But the price for these goodies comes with a real sting in the tail. There are a range of moves going the other way and the implications are nowhere as easy to understand – for policy experts, let alone the average punter. Labor is planning to tax trusts as companies and take away franking credit refunds. And the Coalition has announced a range of ‘integrity measures’ for small business capital gains tax and on ‘stapled securities’. These are nothing more than tax rises on certain taxpayers. The trouble is, the complexity of these measures mean that no-one really knows who these ‘certain taxpayers’ are. So what is given with one hand is taken from the other.
There is some breathtaking hypocrisy going on too. We have the Labor economic team arguing that company tax cuts are merely a handout to big businesses. Probably one of the closest things to an iron law in economics relates to the ‘incidence’ of a tax or who actually pays it. One of the fundamental tenets of that is that no matter which side of the market you apply a tax to – buyer or seller – in practice, it gets shared the same way through the impact on prices. In the case of company tax versus income tax it is a little more complex.
It is true that falling company tax rates across the world mean that we have to move with the times and follow suit. The problem is we have a range of other structural problems to deal with. The first is that our personal income tax rates increase too steeply and our top rates of income tax are too far in excess of our company tax rate. This is what drives people to use complex business structures – combinations of trusts and companies – to avoid those punitive top rates. What our leaders are proposing is to remove more and more of those options, but those are just tax rises by another name. And, due to their complexity, they will hit a range of people who they never intended to hit. It would be far better to remove the incentives to do that in the first place.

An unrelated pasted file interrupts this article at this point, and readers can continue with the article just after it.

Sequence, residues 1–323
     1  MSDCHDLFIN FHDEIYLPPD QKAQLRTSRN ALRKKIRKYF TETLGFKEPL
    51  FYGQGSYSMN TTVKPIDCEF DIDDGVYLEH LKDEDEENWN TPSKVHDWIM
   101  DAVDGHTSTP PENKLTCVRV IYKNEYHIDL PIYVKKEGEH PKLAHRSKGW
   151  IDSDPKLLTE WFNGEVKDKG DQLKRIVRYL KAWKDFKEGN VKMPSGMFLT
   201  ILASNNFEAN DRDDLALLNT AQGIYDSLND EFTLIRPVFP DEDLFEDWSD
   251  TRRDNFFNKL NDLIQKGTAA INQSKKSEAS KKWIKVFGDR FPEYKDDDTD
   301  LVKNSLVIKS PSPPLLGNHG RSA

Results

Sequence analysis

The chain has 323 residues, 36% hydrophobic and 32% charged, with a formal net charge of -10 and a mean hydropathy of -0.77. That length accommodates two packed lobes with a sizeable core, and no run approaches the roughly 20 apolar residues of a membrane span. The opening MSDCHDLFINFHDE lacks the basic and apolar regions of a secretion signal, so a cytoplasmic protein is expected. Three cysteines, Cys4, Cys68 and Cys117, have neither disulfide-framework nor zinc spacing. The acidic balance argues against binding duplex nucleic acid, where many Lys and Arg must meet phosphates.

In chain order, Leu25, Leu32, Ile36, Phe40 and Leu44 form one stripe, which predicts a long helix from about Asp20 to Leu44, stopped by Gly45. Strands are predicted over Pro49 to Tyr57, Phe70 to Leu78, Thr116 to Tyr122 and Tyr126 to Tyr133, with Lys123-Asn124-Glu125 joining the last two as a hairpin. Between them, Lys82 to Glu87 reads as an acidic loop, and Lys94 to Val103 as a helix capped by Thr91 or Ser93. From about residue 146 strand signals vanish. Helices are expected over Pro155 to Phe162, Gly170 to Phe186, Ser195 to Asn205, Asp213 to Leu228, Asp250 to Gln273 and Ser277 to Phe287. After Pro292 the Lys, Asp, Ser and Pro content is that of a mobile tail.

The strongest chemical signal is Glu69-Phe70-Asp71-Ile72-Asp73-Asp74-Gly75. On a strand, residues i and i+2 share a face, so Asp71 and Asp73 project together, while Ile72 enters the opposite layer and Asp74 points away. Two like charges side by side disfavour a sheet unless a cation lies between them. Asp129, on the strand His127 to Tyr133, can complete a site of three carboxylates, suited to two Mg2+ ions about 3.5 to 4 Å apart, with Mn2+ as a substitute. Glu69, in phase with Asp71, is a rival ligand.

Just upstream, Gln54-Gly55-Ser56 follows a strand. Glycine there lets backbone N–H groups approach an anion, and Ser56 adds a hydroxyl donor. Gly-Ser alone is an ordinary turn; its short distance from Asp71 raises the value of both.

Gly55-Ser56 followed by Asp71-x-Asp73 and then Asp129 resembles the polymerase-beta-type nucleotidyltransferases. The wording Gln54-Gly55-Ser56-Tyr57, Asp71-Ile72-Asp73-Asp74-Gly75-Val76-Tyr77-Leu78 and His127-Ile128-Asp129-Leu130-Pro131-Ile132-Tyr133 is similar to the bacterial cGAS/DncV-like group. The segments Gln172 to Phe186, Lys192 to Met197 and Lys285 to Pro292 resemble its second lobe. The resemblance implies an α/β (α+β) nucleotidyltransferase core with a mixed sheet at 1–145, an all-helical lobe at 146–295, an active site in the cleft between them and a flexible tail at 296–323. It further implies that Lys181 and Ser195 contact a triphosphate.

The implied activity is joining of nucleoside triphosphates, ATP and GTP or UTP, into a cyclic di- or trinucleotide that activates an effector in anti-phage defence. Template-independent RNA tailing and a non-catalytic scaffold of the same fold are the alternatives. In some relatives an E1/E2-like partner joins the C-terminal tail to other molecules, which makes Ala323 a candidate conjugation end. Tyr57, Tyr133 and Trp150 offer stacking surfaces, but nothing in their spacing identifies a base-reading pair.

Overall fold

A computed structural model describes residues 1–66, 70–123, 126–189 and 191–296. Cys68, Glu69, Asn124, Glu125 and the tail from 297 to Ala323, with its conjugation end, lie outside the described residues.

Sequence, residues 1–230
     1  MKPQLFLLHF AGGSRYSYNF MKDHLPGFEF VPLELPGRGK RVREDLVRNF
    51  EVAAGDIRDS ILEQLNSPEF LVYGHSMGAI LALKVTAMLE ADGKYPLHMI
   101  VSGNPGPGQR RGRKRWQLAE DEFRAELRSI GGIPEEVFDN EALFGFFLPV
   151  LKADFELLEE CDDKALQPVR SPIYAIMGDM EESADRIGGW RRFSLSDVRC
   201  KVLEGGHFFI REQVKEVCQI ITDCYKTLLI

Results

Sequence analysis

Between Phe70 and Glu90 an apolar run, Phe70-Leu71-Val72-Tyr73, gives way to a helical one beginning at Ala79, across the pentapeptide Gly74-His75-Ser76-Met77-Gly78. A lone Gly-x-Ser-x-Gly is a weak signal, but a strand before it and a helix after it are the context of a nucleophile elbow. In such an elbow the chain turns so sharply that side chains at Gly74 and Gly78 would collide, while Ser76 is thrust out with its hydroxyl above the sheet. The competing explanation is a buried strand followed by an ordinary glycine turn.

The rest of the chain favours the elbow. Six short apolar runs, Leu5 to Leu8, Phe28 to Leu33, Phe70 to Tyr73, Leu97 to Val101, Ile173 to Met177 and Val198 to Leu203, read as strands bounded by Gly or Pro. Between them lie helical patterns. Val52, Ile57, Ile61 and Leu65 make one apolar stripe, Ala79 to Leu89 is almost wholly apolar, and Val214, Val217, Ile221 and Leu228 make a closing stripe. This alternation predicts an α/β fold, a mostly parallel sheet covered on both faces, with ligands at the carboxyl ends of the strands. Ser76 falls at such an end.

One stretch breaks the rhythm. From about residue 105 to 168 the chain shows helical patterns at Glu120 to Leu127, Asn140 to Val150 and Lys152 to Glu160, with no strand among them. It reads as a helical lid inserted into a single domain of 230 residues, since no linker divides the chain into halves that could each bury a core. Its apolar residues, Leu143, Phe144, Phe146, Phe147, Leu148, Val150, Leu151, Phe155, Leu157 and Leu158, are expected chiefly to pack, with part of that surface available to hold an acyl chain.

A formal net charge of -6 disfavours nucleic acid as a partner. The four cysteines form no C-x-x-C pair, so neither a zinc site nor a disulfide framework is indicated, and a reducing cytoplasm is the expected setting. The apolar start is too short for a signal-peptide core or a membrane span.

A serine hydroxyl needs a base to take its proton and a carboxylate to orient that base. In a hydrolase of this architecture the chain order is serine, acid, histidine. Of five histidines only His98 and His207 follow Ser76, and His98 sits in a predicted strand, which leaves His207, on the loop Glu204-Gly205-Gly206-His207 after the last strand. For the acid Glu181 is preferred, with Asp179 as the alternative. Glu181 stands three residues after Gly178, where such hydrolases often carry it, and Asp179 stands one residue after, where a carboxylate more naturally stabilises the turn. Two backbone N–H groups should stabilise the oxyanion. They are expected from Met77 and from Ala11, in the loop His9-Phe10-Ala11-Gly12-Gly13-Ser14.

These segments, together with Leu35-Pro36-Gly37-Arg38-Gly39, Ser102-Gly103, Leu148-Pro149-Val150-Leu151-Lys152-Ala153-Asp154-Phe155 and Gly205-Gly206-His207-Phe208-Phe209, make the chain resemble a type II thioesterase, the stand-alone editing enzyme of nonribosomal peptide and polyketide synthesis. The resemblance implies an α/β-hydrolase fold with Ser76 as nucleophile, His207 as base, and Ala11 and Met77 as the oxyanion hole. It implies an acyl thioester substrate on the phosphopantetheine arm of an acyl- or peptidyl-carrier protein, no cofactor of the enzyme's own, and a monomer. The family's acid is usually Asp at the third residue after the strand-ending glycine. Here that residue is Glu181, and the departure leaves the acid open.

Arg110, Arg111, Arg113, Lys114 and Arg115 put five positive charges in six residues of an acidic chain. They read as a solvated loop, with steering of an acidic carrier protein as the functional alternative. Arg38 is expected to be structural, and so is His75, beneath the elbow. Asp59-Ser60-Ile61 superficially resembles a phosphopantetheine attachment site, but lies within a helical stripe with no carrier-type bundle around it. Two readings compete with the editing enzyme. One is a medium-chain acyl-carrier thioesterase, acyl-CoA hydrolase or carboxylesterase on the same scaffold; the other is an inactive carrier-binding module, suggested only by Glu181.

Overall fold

Simplicity of the tax system is an equity issue both in a horizontal sense – that people with similar incomes and assets should be taxed the same – and in a vertical sense – that higher income earners should bear more of the tax burden. The more complex the tax system, the greater the ability for higher income earners to structure their affairs so they pay less tax. And they do it without the rest of the general public knowing it is happening. Hardly a good outcome.
So what should we be doing? First, have a single standard definition of small business for tax purposes. The Coalition has created three new income thresholds, so for capital gains tax purposes, a small business is one with turnover of less than $2 million, whereas for company tax, a small business is a company with turnover of less than $25 million, soon to rise to $50 million. To be eligible for fringe benefits tax concessions, your turnover needs to be less than $10 million. And if you’re unincorporated and therefore pay income tax, you’re eligible for an offset if your turnover is below $5 million. STOP. THIS. MADNESS.
Across the Tasman, our nearest neighbour is showing us how it is done. With regard to income tax, they have no tax free threshold (we do), their lowest tax rate is 10.5 per cent (our is zero + 2 per cent medicare levy), the top tax rate is 33 per cent (ours is 47 per cent + 2 per cent medicare levy), so their income tax schedule is much flatter than Australia. But the real kicker is that the top 25% of income tax payers pay around 60 per cent of all income tax collected. That percentage is almost the same in Australia. And their company tax rate is 28 per cent, so the gap between the top rate and the company tax rate is almost a quarter of the gap in Australia, so our incentives to try and find loopholes is much larger.
I bet if you asked New Zealand PM Jacinda Ardern if she wanted to swap NZ’s income tax and company tax regime for Australia’s, the answer would be a polite no.